Prison for over 200 fraudulent Chinese patent applications yielding 900,000 RMB in government awards

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According to a news report by 知识产权界, on December 3, 2020, the People’s Court of Shehong City, Sichuan heard the corruption and bribery case of defendant Guo, and the corruption case of defendants Chen, Wu, and Wu . The court of first instance sentenced Guo to 6 years and 8 months imprisonment, fined Guo 400,000 yuan, and ordered him to refund the economic losses caused by his corruption. Guo had fraudulently filed and obtained 231 utility model patents and then applied for awards of 3,000 RMB (~$459 USD) each from Shehong County Government’s intellectual property award funds.  

The court found that Guo and others used Shehong local enterprises, farmers, technology companies and others to file utility model patents in their names. After the government awarded the 3,000 RMB to these companies or individuals, they would transfer the RMB to Guo.  The Court also found that Guo accepted bribes totaling 251,625 RMB.

Shehong, like many cities, offers awards for patent grants. Specifically, the Shehong County Authorized Patent Incentive Measures (Trial)” (Shefu Office [2011] No. 91) offered 5,000 RMB per invention patent grant, 3,000 RMB per utility model patent grant, and 1000 RMB per design patent grant. In comparison, Guangzhou currently offers up to 3,000 RMB per Chinese invention patent but no awards designs or utility models.  Note that foreign patents grants yield 20,000 RMB awards in Guangzhou.  (See 广州市知识产权工作专项资金管理办法 for more details). In contrast, Shanghai is more generous with up to 50,000 RMB/foreign patent. (See 上海市专利资助办法 for more details).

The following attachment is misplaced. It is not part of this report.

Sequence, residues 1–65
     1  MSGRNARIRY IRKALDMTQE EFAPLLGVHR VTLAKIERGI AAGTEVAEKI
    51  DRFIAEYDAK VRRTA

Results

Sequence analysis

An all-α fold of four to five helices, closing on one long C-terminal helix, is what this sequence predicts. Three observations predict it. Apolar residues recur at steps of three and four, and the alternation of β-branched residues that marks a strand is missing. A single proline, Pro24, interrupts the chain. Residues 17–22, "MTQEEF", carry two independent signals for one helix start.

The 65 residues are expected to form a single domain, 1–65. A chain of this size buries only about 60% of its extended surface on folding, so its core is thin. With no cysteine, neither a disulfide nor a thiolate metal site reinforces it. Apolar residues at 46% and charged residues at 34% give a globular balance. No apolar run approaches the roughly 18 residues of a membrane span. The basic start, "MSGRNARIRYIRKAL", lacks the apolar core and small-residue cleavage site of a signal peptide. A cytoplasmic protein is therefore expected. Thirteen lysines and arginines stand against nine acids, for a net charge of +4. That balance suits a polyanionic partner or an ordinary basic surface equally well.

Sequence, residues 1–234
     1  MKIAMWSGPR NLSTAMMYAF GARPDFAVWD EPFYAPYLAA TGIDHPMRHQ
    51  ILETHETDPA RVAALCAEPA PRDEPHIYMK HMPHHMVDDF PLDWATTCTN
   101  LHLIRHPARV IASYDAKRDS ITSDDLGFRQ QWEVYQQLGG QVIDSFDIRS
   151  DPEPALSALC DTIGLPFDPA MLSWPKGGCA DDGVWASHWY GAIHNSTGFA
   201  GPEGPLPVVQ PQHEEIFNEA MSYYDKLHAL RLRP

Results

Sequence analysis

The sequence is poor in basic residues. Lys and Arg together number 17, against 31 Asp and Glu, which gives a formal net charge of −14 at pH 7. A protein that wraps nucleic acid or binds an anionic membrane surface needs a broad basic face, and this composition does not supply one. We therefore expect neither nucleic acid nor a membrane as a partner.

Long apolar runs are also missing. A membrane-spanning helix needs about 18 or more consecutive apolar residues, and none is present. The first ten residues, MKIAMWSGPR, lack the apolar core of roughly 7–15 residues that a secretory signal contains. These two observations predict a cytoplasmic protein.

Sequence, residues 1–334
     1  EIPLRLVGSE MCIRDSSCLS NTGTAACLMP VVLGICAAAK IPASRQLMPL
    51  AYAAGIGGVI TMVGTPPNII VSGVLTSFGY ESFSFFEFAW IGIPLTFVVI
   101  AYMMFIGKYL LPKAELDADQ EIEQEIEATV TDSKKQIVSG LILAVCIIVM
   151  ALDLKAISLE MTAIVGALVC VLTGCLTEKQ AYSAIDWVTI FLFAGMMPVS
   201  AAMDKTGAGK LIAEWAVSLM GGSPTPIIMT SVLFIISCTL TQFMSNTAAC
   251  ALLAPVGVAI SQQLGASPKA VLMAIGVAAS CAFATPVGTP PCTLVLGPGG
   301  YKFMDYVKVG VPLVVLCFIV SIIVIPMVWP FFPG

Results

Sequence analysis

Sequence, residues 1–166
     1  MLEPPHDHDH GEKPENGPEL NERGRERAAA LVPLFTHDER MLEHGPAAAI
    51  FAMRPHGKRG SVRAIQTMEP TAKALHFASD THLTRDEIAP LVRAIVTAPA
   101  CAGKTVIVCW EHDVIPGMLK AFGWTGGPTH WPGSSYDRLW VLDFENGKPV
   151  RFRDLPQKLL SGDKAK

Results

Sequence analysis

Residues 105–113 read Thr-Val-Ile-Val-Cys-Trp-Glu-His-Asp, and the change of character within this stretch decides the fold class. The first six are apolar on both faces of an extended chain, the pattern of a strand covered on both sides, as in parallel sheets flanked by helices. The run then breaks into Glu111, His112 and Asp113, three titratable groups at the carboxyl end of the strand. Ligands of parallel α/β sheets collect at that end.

As utility model patent applications don’t get substantively examined, one could theoretically refile the same application multiple times. However, Guo presumably used multiple third parties as false applicants in order to reduce the probability that the China National Intellectual Property Administration (CNIPA) would identify the fraudulent duplicate applications.

 

Author: Aaron Wininger

Aaron Wininger is a Senior Attorney and Director of China Intellectual Property at Schwegman Lundberg & Woessner.

Author: Aaron Wininger

Aaron Wininger is a Senior Attorney and Director of China Intellectual Property at Schwegman Lundberg & Woessner.